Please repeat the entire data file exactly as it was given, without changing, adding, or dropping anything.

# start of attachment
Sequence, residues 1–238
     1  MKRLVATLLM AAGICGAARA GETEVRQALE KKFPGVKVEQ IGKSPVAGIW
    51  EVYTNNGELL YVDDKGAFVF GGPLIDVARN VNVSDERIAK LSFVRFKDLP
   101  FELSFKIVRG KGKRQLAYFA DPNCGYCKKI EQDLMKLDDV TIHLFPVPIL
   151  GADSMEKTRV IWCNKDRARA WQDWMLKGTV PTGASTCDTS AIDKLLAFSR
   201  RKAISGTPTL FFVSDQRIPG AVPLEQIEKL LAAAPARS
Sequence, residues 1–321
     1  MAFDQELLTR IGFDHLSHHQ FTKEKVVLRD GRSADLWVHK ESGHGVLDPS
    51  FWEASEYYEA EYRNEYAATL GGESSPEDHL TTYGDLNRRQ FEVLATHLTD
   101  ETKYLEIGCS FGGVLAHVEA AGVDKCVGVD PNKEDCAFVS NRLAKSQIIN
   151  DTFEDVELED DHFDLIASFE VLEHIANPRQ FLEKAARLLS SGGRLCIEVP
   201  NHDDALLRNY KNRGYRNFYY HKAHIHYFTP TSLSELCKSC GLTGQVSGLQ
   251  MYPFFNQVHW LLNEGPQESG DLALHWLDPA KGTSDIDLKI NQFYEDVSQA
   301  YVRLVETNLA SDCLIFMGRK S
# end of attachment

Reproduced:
Sequence, residues 1–238
     1  MKRLVATLLM AAGICGAARA GETEVRQALE KKFPGVKVEQ IGKSPVAGIW
    51  EVYTNNGELL YVDDKGAFVF GGPLIDVARN VNVSDERIAK LSFVRFKDLP
   101  FELSFKIVRG KGKRQLAYFA DPNCGYCKKI EQDLMKLDDV TIHLFPVPIL
   151  GADSMEKTRV IWCNKDRARA WQDWMLKGTV PTGASTCDTS AIDKLLAFSR
   201  RKAISGTPTL FFVSDQRIPG AVPLEQIEKL LAAAPARS
Sequence, residues 1–321
     1  MAFDQELLTR IGFDHLSHHQ FTKEKVVLRD GRSADLWVHK ESGHGVLDPS
    51  FWEASEYYEA EYRNEYAATL GGESSPEDHL TTYGDLNRRQ FEVLATHLTD
   101  ETKYLEIGCS FGGVLAHVEA AGVDKCVGVD PNKEDCAFVS NRLAKSQIIN
   151  DTFEDVELED DHFDLIASFE VLEHIANPRQ FLEKAARLLS SGGRLCIEVP
   201  NHDDALLRNY KNRGYRNFYY HKAHIHYFTP TSLSELCKSC GLTGQVSGLQ
   251  MYPFFNQVHW LLNEGPQESG DLALHWLDPA KGTSDIDLKI NQFYEDVSQA
   301  YVRLVETNLA SDCLIFMGRK S